The future of the pro-Kremlin United Russia party remains one of the major intrigues of Russia’s suddenly active political season. To say that the party goes through difficult times would be an understatement. In the December parliamentary elections, UR suffered a painful setback: it polled only 49% of the popular vote – and even this number is highly questionable – and lost its constitutional majority in the Duma. More and more Russians associate UR with a witty nickname – “the party of crooks and thieves” — invented by a popular blogger Alexey Navalny. As a result, UR candidates participating in local elections now often position themselves as independent; those who chose to run under the party banner suffered sound defeats in the mayoral elections in Tolyatti and Yaroslavl.
Still unresolved is the issue of the relationship between the party and its chairman Vladimir Putin. Despite the fact that it was UR that nominated Putin as a candidate for the March 4 presidential election, Putin never mentioned it in the course of the election campaign. Instead, Putin ran on the platform of the All-Russia People’s Front (ARPF), a motley pool of organizations hastily created last year. The 238-deputy UR Duma faction now includes 80 members of ARPF who seem to have no other loyalty but personally to Putin. Rumors abound that intra-fraction relations between members of UR and ARPF are lukewarm at best; some in UR consider the ARPF deputies the fifth column of sorts.
Recently, Putin suggested that ARPF should be upgraded into a “civil movement” – a clear step in the direction of creating a bona fide political party – and agreed to lead the new movement. At the moment, the ultimate fate of ARPF is unclear and is likely tied to the decision to be taken by the Kremlin with regards to UR. One of the proposed scenarios implies that ARPR will become a “left-of-center” political party with Putin at the helm, whereas UR will be transformed into a “right-of-center” party headed by the outgoing president Dmitry Medvedev. According to another, if UR performs poorly in the regional elections in October, it will be “re-branded” by being swallowed by ARPF.
Some analysts argued that UR could be split into factions, possibly along the lines of “ideological clubs” (social-conservative, liberal-conservative, liberal, and patriotic) existing within the party. The problem with this approach is that according to the electoral law, only members of the party that retains the UR party brand will keep seats in the Duma and regional parliaments, whereas members of the newly-formed “buds” will have to give away their deputy mandates. Given the intense competition between the clubs and individual deputies, such a civilized split is highly unlikely, if possible at all.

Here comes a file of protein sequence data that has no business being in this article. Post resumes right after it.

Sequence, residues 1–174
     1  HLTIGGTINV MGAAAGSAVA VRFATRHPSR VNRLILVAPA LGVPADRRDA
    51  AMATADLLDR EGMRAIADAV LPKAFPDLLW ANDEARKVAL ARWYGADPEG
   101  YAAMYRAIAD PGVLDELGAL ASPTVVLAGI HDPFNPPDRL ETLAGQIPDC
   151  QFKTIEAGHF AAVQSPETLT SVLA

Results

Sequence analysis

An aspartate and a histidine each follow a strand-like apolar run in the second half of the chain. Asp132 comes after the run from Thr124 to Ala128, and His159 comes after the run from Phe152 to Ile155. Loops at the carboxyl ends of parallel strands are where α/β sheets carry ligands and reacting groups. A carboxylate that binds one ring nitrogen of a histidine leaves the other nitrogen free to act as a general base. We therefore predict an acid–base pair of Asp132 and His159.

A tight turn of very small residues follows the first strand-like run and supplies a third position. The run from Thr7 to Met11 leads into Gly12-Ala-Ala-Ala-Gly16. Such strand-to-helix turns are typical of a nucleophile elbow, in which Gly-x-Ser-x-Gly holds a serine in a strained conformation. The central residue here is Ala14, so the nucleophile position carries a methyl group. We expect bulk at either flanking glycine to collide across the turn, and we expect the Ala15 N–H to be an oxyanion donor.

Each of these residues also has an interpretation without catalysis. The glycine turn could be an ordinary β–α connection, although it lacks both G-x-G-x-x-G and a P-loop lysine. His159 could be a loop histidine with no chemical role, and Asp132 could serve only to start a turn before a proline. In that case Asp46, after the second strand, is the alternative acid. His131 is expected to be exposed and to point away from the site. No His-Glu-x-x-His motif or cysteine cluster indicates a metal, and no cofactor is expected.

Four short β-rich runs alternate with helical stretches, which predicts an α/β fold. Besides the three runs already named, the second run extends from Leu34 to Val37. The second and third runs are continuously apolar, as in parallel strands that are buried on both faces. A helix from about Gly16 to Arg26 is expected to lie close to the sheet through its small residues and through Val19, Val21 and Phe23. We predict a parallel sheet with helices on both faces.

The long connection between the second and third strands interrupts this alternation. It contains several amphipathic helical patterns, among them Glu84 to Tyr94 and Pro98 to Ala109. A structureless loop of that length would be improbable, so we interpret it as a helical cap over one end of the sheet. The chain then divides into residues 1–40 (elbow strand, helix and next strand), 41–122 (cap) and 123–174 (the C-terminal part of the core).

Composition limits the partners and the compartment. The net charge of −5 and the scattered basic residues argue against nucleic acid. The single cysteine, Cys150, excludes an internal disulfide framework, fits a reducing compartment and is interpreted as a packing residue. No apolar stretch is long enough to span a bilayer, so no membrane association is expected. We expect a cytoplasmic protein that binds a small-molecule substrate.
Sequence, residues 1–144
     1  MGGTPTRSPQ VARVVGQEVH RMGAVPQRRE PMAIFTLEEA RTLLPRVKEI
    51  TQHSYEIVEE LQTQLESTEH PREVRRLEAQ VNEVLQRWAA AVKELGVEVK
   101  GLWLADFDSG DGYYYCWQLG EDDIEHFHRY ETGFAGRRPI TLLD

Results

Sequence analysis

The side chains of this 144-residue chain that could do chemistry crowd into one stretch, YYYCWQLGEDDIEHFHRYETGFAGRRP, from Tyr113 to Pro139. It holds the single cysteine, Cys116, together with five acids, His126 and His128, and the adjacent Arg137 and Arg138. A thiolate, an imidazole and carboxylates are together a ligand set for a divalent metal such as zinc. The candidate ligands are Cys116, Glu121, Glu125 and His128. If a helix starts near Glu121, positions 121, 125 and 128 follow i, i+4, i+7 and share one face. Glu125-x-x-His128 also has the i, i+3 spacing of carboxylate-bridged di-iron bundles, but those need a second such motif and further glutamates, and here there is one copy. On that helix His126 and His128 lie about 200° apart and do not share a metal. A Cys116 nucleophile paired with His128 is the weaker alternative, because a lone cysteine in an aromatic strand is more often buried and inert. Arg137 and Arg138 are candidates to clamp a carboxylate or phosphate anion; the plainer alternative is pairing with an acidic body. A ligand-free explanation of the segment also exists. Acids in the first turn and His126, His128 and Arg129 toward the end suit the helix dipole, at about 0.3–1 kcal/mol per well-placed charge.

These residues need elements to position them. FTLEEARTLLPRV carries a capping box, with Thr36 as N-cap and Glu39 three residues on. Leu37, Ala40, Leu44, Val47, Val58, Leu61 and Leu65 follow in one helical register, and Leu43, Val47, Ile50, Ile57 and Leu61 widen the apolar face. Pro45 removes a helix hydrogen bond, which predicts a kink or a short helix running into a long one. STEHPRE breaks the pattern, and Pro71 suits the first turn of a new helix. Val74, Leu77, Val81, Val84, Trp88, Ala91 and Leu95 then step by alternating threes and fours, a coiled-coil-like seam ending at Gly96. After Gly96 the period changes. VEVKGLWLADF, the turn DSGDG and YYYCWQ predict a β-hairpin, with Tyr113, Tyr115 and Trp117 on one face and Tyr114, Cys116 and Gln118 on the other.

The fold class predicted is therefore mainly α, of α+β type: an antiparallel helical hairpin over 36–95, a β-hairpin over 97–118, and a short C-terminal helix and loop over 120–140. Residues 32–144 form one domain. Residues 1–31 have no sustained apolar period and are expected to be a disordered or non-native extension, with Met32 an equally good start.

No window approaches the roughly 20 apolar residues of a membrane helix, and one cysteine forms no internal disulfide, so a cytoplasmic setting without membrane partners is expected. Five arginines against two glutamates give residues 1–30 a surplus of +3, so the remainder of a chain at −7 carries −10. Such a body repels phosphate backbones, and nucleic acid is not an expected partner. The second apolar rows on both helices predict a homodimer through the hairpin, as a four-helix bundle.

That’s what apparently Putin had in mind when insisting last week that the unity of the UR Duma faction “should be preserved.” The truth is that Putin doesn’t need UR – or any other political entity, including ARPF. What he needs is a Duma that would rapidly – and without arguing — approve legislation proposed by the presidential administration and the Cabinet. For as long as UR is capable of keeping the Duma at the easy disposal of the executive, the party will remain Putin’s first choice. However, should UR begin losing elections – resulting in unruly parliaments — a Plan B will come into play.
Some of the questions surrounding the future of the party won’t be answered until the next party congress scheduled for early summer. Facing long and unnerving uncertainty, the party officials began entertaining themselves with inventing the party ideology. (The fact that created in 2001, UR still doesn’t have established ideology doesn’t seem to bother its leaders.) The General Council has recently approved the creation of two large ideological “platforms:” social-conservative and liberal-conservative. These platforms are expected to function as intra-party thinks tanks that would present competing legislative initiatives to the Council.
The “edinorosses” remind me of puppets who want to start playing their parts – despite the fact that the puppet master is yet to arrive in the theater.